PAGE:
Temporary changes to Medicaid eligibility during the COVID-19 pandemic meant that women who were due to lose coverage 60 days after giving birth were able to stay on their plans, researchers report.
It’s been the case for decades: high numbers of US women who give birth lose or face changes to their health insurance afterward. And those with Medicaid benefits are most likely to lose coverage, because pregnancy-related Medicaid ends after 60 days postpartum, and eligibility for parents is much more restrictive.
However, significantly fewer people lost postpartum insurance during the COVID-19 pandemic, the new research shows. The findings in JAMA Health Forum suggest that the Families First Coronavirus Response Act, which was signed into law in March 2020 and prevented Medicaid disenrollment, led to substantial reductions in postpartum Medicaid loss, says study author Erica Eliason, a postdoctoral researcher at Brown University’s School of Public Health.
This is significant, she says, because the act is set to expire in July 2022, and many states are considering legislation to extend pregnancy-related Medicaid through one year postpartum.
“The Coronavirus Response Act was a boon for families in that it allowed postpartum people on Medicaid to hold on to their health insurance,” Eliason says. “Many people will lose postpartum Medicaid coverage when the public health emergency ends unless states decide to extend Medicaid for a full year after childbirth—which they currently have the option to do under the American Rescue Plan Act.”
Postpartum insurance churn
To examine postpartum insurance churn (insurance changes or coverage loss) during the pandemic, Eliason and colleagues analyzed data from the 2019-2021 Current Population Survey Annual Social and Economic Supplement, which is the source of official national estimates of poverty levels and rates and of widely used measures of income.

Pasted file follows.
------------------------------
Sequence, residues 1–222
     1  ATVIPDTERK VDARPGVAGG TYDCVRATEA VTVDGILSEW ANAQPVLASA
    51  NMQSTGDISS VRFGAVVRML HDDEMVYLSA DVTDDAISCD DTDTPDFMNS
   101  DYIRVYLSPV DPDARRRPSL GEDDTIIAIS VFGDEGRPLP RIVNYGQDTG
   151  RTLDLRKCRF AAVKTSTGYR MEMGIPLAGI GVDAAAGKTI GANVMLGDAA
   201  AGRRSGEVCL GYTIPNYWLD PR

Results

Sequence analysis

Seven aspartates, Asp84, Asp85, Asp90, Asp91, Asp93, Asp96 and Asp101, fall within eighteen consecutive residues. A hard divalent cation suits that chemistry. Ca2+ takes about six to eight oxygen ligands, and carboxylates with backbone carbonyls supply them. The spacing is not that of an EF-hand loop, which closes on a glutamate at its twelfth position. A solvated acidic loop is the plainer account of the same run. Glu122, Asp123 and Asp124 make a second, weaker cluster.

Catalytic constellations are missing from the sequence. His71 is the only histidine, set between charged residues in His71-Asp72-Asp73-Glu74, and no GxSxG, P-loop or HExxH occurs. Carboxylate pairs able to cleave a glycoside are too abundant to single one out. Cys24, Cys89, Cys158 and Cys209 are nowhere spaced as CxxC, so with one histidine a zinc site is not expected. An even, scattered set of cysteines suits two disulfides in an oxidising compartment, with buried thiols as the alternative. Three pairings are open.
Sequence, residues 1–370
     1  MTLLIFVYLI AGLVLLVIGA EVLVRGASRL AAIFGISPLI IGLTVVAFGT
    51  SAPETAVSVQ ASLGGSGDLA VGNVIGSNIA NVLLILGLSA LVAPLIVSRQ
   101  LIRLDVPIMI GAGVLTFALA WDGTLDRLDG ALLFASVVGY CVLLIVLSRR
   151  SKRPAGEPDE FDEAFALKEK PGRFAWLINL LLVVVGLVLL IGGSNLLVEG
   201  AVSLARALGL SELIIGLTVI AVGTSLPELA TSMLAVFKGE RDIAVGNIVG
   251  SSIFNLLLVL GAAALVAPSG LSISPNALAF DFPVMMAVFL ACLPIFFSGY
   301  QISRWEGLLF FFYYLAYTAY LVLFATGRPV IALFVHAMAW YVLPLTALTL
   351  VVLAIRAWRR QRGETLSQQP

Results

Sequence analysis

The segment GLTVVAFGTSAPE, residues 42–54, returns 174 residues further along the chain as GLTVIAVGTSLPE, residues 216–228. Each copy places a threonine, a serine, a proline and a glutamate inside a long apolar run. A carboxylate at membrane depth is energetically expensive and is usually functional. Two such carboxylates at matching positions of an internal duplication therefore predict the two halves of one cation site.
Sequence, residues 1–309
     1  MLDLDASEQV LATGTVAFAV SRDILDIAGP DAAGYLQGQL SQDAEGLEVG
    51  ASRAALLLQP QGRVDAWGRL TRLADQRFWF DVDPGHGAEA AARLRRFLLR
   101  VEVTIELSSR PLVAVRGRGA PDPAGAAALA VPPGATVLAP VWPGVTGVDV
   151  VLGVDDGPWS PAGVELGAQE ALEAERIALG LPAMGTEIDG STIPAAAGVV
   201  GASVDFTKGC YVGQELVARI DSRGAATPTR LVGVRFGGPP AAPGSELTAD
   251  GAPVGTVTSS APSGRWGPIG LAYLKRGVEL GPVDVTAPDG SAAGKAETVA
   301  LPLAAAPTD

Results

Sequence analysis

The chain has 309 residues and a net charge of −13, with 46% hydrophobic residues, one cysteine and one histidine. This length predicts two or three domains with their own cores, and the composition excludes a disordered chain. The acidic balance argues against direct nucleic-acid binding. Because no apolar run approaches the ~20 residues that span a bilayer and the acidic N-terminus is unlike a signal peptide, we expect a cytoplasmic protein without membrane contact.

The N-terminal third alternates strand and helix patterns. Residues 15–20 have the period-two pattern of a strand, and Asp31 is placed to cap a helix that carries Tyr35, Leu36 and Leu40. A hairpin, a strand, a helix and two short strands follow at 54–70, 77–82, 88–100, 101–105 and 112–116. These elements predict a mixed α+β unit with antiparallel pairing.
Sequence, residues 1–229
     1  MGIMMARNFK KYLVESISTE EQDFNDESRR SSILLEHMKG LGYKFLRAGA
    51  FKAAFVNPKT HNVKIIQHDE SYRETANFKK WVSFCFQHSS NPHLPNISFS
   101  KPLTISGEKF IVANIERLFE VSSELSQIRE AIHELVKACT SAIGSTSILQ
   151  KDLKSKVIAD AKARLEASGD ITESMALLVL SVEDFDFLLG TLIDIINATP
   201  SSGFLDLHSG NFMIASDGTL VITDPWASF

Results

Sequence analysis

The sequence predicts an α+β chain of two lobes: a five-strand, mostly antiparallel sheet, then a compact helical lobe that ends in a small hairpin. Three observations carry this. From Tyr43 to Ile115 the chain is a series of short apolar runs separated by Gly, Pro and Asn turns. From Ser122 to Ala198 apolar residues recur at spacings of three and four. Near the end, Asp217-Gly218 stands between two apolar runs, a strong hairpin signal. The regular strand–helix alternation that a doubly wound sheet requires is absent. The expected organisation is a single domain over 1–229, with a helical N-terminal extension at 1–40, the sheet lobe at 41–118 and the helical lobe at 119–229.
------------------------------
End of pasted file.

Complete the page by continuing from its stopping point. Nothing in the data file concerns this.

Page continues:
Researchers focused on reported insurance coverage of female respondents ages 18-44 who were living with a child younger than 1 year. They looked at postpartum insurance churn overall and by insurance type (Medicaid vs. private) during three time periods: pre-pandemic (2019), early pandemic (2020), and pandemic (2021).
The researchers found that among the sample, the rate of insurance loss decreased from 3.1% in 2019 to 1.8% in 2021. In 2019 (before the pandemic), among respondents who reported having Medicaid in the last year, 88.2% had consistent Medicaid, 10.3% lost coverage, and 1.6% switched to private coverage.
In 2021 (during the pandemic), 95% had consistent Medicaid, 3.7% lost coverage, and 0.8% switched to private coverage. The number of people who went from having Medicaid to being uninsured decreased by 64% during the pandemic.
Because decreases in postpartum insurance loss were primarily associated with large increases in consistent Medicaid, the researchers say the findings suggest that the Families First Coronavirus Response Act was a primary factor in substantially reducing postpartum Medicaid loss.
That’s important because the postpartum period can present unique health risks, Eliason says. Approximately 52% of maternal deaths in the US occur during this time, she notes; in addition, complications (such as cardiovascular or metabolic) that were present during pregnancy can persist, and the risk of mental health problems can increase.
High rate of postpartum depression
Studies show that one in eight people who recently gave birth experience postpartum depression, which can lead to suicide or drug overdose, making mental health issues one of the leading causes of death in the postpartum period, Eliason says.
Women with health insurance, however, can be screened for mental and physical health issues and connected with resources and appropriate care. That’s why it’s so important that people be allowed to keep their health insurance coverage during this time and beyond, Eliason says, especially with Medicaid covering almost half of all births in the US.
“Taking insurance protection away 60 days postpartum means that a very sizable population will be without coverage during a vulnerable time in their lives, putting their health and that of their babies at higher risk,” she says.
Additional coauthors are from Columbia University and Brown. The Agency for Healthcare Research and Quality and the National Institute of Child Health and Human Development funded the work.
Source: Brown University